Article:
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Galileo's main detractors were his fellow scientists, many of whom he had ticked off. But your point is well taken....However, someone here took me to task and clarified that the discussion was about intellectual coexistence ("The discussion is about intellectual peace, not physical peace" was the statement). So you're changing back to the physical realm? In that case, you don't have a whole lot of Galileos to rest your outrage on, whereas the atheist persecution and slaughter of religious scientists, artists, writers and teachers has a very extensive body count. Just on a personal level, I had grandparents and great-grandparents who were research scientists and teachers in the Soviet Union who were stripped of their positions and shipped to camps where they died or were killed -- because they were also devout Orthodox Church members. I wouldn't use that argument, if I were you, as it doesn't serve you well.

Wait ... because bad people who didn't believe in God did bad things, I'm supposed to believe in God? Because the God-believers did less bad things?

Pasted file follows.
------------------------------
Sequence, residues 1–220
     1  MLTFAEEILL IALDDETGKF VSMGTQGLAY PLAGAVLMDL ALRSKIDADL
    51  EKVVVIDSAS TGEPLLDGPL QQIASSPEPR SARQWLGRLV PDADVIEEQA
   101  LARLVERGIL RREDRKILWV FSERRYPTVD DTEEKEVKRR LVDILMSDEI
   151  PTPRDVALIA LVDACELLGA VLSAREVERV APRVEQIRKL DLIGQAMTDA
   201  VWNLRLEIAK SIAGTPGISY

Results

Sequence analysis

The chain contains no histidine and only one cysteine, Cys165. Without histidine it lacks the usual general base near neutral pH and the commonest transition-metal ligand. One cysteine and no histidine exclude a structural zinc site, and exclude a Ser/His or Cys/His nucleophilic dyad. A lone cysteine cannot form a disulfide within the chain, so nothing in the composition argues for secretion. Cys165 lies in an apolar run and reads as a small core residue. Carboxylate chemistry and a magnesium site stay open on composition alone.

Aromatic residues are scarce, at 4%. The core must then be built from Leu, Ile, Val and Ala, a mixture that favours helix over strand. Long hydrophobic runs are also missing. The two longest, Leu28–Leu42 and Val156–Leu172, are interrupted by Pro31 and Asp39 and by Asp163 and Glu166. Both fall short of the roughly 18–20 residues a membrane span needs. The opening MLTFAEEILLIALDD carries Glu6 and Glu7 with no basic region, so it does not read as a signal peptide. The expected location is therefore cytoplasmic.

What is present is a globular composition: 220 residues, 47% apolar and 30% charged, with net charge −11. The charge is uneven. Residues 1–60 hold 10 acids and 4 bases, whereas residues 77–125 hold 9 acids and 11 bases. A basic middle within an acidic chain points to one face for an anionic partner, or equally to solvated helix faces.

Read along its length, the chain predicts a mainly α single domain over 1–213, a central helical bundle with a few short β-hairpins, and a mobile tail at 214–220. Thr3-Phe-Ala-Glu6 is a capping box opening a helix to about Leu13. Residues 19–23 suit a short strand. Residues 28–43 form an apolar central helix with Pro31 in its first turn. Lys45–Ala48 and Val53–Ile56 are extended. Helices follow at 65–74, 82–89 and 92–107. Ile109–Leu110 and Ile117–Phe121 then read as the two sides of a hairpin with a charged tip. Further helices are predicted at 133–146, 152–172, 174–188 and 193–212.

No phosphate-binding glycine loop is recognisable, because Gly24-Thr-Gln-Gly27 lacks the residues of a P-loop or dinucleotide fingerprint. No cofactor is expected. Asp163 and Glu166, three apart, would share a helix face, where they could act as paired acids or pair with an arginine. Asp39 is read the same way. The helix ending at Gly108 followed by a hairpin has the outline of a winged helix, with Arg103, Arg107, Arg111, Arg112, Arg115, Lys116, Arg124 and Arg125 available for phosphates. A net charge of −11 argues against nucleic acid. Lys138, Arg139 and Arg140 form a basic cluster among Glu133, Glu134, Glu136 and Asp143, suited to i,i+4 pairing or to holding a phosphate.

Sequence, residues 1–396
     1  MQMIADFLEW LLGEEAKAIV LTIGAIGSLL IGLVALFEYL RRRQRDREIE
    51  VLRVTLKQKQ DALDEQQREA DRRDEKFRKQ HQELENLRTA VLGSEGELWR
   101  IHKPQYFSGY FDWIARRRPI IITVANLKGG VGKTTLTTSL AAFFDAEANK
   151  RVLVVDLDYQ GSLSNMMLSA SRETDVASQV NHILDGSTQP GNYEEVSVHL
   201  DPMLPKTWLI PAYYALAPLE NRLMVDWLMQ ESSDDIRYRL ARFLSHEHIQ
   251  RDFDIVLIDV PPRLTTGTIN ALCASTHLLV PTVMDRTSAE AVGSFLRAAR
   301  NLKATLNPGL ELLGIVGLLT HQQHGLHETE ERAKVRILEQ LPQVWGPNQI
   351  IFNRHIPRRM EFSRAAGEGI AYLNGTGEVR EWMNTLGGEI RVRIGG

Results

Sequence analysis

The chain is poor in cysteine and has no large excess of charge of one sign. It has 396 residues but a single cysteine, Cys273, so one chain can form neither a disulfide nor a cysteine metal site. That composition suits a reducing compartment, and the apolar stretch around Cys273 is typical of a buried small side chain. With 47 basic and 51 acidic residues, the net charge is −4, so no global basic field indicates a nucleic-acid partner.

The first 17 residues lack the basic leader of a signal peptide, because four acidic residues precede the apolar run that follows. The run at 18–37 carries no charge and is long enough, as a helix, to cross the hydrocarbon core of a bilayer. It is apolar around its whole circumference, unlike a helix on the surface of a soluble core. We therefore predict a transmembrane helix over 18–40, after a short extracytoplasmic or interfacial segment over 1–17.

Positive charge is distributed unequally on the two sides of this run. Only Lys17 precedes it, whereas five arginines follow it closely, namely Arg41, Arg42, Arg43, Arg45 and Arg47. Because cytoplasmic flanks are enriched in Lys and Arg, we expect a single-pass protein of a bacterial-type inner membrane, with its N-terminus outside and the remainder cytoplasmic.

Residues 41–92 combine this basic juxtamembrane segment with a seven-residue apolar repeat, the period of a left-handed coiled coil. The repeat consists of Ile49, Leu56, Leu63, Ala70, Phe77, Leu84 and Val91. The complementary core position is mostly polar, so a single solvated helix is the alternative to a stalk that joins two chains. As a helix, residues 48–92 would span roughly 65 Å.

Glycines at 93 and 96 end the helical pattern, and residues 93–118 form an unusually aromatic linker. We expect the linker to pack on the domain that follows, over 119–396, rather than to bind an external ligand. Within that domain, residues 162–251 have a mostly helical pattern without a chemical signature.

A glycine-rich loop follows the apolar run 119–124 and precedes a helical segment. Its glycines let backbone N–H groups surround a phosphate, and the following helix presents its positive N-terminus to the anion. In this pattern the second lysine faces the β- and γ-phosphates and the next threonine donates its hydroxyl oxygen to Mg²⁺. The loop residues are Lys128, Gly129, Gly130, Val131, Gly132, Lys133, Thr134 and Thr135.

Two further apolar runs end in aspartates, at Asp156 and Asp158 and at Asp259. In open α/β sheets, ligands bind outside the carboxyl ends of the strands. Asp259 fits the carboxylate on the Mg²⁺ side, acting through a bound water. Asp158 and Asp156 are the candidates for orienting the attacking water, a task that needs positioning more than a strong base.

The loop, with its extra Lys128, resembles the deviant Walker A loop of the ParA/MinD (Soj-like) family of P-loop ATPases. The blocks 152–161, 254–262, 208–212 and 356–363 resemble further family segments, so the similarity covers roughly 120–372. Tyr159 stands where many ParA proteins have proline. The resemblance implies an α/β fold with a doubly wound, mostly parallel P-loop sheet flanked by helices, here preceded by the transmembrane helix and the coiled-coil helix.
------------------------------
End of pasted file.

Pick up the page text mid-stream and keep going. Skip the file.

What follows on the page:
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In answer to your question, then, yes -- there are scientific questions that cannot be addressed by theology, and theological questions that cannot be addressed by science. That this is so is demonstrated by religious scientists, past and present, who see no conflict in pursuing both.

Religious scientists demonstrate the fact that some people in the past have thought that this approach makes sense. It does not demonstrate that it actually makes sense. In fact, as I argued earlier, it does not. All "theological" question about human values can be answered scientifically, and all other questions commonly thought to be "theological" refer to things which do not exist. There is nothing left in theology's sphere.